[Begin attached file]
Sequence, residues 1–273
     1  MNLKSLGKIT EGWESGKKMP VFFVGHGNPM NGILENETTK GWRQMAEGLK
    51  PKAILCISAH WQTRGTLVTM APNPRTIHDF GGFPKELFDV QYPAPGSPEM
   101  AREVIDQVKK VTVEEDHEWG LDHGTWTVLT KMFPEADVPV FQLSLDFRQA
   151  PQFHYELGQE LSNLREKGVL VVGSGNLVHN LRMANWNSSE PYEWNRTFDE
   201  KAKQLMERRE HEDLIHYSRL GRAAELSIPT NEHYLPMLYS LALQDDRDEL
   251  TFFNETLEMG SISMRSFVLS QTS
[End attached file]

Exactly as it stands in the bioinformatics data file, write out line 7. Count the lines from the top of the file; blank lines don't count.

   251  TFFNETLEMG SISMRSFVLS QTS